Germany unveils futuristic combat vision: Leaner, Stealthier tanks leading the battlefront
The Bundeswehr suggests that the MGCS will significantly weigh less than the currently used tanks, aligning with the global trend of reducing the weight of upcoming tanks to enhance their mobility.
Contrast, the platforms' survival will not be determined by heavy armor but by a fusion of other components. These comprise high situational awareness, electronic warfare systems, passive (advanced camouflage, stealth features) and active defense tools.
MGCS: the successor to Leopard 2
Colonel Armin Dirks, the chief of operations for the joint project team in the Federal Office for Equipment, Information Technology, and Support to Federal Armed Forces, asserts that the new combat platform should not surpass 55.1 tons (110,230 pounds) in weight. Modern Western tanks weigh between 71.6 and 77.2 tons (143,300 and 154,320 pounds). The hybrid drive system aims to provide a high power-to-weight ratio, attaining 36 horsepower per ton.
Instead of the usual setup, future tank artillery will feature a 130 or 140-mm cannon mounted in an unmanned turret. This arrangement situates the crew as low in the hull as possible—a technique other tanks like the Russian T-14 Armata utilize. Thus, the minimal requirement for crew space allows for good armoring of the crew compartment without excessively increasing the vehicle's total weight.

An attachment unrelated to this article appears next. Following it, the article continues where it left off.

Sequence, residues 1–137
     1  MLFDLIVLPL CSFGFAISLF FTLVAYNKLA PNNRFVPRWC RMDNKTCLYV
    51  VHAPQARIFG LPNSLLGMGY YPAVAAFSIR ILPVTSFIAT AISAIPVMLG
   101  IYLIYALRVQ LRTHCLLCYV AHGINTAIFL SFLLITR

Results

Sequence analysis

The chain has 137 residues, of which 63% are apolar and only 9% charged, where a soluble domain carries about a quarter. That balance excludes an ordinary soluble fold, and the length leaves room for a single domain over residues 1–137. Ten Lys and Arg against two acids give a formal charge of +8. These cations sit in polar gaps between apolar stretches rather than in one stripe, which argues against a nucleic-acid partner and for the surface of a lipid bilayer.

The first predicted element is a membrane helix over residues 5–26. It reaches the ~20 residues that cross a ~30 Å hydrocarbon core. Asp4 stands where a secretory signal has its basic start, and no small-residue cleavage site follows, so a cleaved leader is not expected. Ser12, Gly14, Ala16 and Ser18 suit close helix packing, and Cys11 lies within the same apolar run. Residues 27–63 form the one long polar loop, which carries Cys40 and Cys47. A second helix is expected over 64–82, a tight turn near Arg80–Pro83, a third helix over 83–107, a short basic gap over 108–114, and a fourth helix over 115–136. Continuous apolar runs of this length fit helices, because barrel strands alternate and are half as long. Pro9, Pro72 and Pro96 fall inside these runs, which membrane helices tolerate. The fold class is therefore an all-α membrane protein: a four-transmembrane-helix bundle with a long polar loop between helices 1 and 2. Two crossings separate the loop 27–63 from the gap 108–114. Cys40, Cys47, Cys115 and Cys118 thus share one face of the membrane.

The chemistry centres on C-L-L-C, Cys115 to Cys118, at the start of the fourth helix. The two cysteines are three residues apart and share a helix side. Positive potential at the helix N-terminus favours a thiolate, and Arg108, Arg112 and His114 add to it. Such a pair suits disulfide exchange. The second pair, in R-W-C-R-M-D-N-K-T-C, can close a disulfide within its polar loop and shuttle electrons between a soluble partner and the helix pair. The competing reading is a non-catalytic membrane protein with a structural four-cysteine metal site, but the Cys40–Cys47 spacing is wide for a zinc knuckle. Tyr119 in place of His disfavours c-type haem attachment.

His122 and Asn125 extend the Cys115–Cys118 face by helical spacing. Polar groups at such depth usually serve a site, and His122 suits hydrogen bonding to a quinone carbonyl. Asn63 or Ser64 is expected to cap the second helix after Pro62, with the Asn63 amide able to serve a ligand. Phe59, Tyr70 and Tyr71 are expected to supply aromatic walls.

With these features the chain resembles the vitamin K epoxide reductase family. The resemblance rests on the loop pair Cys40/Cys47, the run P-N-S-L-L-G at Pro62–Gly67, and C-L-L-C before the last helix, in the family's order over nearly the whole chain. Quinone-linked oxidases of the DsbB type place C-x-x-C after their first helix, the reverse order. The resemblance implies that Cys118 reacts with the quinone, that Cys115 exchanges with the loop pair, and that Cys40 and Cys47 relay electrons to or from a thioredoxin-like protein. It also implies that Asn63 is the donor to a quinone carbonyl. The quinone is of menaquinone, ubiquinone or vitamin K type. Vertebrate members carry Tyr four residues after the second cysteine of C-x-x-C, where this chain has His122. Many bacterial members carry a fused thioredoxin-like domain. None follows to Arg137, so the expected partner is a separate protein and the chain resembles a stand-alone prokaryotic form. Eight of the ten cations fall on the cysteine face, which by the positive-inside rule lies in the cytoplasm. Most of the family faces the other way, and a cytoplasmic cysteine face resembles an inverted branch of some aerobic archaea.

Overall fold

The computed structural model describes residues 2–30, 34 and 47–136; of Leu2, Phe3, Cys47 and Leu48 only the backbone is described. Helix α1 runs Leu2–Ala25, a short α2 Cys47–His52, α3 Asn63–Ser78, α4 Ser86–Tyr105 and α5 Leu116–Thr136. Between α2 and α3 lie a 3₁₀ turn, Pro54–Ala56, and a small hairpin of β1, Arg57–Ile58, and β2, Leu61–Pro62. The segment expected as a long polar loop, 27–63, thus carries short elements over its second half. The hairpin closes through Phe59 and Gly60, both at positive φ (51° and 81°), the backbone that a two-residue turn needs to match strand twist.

Under the German concept, the MGCS platform is anticipated to form the foundation for at least three other combat vehicles. Contrary to various media reports, this platform is the successor to the Leopard 2 tank rather than the KF51 Panther.
In addition to the direct successor of modern tanks under the MGCS, a manned vehicle armed with anti-tank guided missiles is under development. Moreover, there are plans for an unmanned vehicle for indirect fire support, likely implementing circling ammunition or long-range ATGMs. All these vehicles are expected to feature an open, modular design, promoting more accessible service, repair, and future upgrades.
Long wait for the future tank
The slow progress of the MGCS program, coupled with disagreements among the French and German partners, is affecting the decisions of other nations that might be interested in participating in the global project.
As a result, instead of waiting for the anticipated super tank, the United Kingdom has opted for a readily available solution—the Challenger 3 tank—expected to be in service within a few years.